In a short time Ohioans have learned about social distancing to flatten the curve-from schedule changes, event cancellation/reschedule, and even changes with regular medical care. The CapCity Half – a favorite event supported by OhioHealth has been canceled for April, rescheduled to August. Fortunately, these efforts appear to be limiting spread/reducing high numbers of people becoming severely ill with Covid19.
The goal of flattening the curve is to avoid overwhelming the health care system-so that if an emergency happens, patients can get treatment. Unfortunately in a pandemic, despite many cancellations, heart and vascular disease are not canceled. Heart attack and stroke still happen.
What are signs/symptoms of a heart or vascular emergency?
A person’s appearance – pale, sweaty, difficulty breathing, visibly uncomfortable, fainting- can be signs of heart attack. Pay attention to family members and neighbors and call 911 if concerning signs.
Don’t ignore symptoms especially chest pain, back, jaw, or shoulder pain, shortness of breath, dizzy/lightheaded, heart racing or palpitations, severe leg swelling, fatigue, even nausea and vomiting some or all of which can be symptoms of a heart attack.
For stroke remember FAST – Face drooping, Arm weakness, Speech change, Time to call 911.
What if someone has new symptoms but not so severe? What about non-emergency care? It is not cancelled ~ elective surgeries and procedures and tests are closely reviewed and timing determined in balance with the pandemic but non-emergency healthcare is important.
Routine healthcare via tele visit or video visit or even a phone call to a nurse are not cancelled. Keep a log if you are aware of a change or new symptom, write down questions if you wonder about a medication.
Tele ~ Greek for distant ~ medicine offers a way to connect and consult with health care professionals via telephone and video visits.
To respond to our patients, in a short time the clinicians and teams at OhioHealth have launched even more widespread tele health and video appointments for patients to touch base, evaluate symptoms, and allow for evaluation of and follow up for heart and vascular conditions. Elective or routine testing and heart checks will be rescheduled – we are all working to keep patients heart healthy by keeping the timing of routine checks flexible.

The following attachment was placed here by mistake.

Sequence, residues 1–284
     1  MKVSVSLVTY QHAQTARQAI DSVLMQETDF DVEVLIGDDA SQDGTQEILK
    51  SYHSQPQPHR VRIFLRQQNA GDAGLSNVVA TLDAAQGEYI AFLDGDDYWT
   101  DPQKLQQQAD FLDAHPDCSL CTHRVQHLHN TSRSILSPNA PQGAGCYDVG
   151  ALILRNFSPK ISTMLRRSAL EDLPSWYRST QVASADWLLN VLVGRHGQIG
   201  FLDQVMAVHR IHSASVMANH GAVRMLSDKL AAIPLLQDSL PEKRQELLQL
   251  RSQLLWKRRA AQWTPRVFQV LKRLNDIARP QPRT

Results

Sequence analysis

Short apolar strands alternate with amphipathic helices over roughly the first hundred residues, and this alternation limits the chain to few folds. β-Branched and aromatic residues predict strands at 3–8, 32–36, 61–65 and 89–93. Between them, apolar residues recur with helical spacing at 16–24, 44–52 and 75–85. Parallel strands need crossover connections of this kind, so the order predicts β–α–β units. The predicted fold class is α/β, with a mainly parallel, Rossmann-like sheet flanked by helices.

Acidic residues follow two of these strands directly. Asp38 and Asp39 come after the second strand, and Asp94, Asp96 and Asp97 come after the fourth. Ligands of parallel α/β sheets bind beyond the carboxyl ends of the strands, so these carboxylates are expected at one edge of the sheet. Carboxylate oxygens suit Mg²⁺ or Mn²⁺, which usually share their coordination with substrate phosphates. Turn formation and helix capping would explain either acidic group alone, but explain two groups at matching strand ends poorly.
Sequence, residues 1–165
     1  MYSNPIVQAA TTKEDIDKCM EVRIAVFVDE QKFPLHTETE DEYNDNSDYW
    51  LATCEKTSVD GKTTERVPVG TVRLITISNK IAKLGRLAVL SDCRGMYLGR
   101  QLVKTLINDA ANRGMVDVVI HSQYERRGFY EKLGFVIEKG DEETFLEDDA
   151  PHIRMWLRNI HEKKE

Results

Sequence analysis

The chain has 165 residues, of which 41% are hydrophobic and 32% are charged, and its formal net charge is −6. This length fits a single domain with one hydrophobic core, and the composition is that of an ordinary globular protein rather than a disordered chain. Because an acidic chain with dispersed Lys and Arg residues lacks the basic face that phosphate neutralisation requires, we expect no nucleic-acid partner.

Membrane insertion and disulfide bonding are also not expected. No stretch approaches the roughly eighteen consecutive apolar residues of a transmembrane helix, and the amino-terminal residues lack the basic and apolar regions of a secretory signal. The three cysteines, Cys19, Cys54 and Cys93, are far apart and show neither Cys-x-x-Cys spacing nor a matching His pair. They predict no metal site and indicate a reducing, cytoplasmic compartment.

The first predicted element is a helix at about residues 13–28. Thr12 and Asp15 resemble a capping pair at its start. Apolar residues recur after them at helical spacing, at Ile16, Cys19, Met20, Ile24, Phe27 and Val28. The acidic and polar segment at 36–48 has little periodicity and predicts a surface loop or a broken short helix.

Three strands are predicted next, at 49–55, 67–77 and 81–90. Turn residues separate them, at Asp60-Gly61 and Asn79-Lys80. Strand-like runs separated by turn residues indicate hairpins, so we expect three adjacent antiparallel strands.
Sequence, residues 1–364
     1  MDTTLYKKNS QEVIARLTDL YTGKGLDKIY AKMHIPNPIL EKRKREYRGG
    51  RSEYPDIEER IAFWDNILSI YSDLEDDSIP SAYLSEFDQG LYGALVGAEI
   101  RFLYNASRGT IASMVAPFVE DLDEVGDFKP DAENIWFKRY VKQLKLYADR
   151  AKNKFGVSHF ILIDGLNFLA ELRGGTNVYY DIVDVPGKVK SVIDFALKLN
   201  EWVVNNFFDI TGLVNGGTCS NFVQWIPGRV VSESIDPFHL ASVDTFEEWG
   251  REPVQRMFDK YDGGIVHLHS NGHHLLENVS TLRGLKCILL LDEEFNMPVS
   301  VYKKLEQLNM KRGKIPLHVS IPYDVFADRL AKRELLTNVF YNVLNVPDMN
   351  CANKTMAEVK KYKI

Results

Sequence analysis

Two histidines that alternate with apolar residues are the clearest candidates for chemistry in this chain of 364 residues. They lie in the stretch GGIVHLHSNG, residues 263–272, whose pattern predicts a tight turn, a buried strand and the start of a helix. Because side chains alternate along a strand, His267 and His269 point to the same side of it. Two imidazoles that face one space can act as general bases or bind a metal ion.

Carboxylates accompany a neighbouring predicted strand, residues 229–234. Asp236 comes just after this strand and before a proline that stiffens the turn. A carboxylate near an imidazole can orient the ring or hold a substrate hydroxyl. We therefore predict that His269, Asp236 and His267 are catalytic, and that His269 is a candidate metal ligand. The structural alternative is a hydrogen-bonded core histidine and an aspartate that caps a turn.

Bottom line: focusing on heart health is not cancelled even in a time of social distancing and working to flatten the curve ~
How can you Social Distance and stay heart healthy? What’s important from a heart and vascular standpoint?
Here are 5 tips for Heart Health –
1) Take medications as prescribed; be sure to keep adequate supply – pharmacies are deemed essential and will be open. Keep a regular schedule while social distancing – especially with medications but also with food, rest, physical activity a schedule helps structure your time.
2) Stay physically active – the ultimate way to multitask for your heart and circulation, physical activity such as taking a walk in the home or socially distant outside, standing up and sitting back down in a chair, light stretching, running, lifting weights – helps manage stress, keeps immunity strong, lowers BP and cholesterol ; it’s an amazing way to help your heart. Physical activity doesn’t have to be perfect – remember that 10-15 minutes twice a day most days of the week meets current recommended guidelines for physical activity. Learn about and give meditation a try. Meditation can help with biofeedback and stress management, lowers blood pressure, and has been shown to help heart health.
3) What are you eating? Are you experimenting with whatever remains in the pantry? Heart healthy eating hasn’t been cancelled – choose fresh foods as able, vegetables, whole grains, nuts, and avoid processed foods. Keep portions in check.
4) Are you sleeping? Good sleep habits help heart health from preventing arrhythmia to helping blood pressure stay at goal.
5) Collect data to discuss with your team. Track home blood pressure, heart rate, weight depending if managing heart conditions such as hypertension, arrhythmia (for example atrial fibrillation) or heart failure.
StayHome Ohio but don’t ignore an emergency.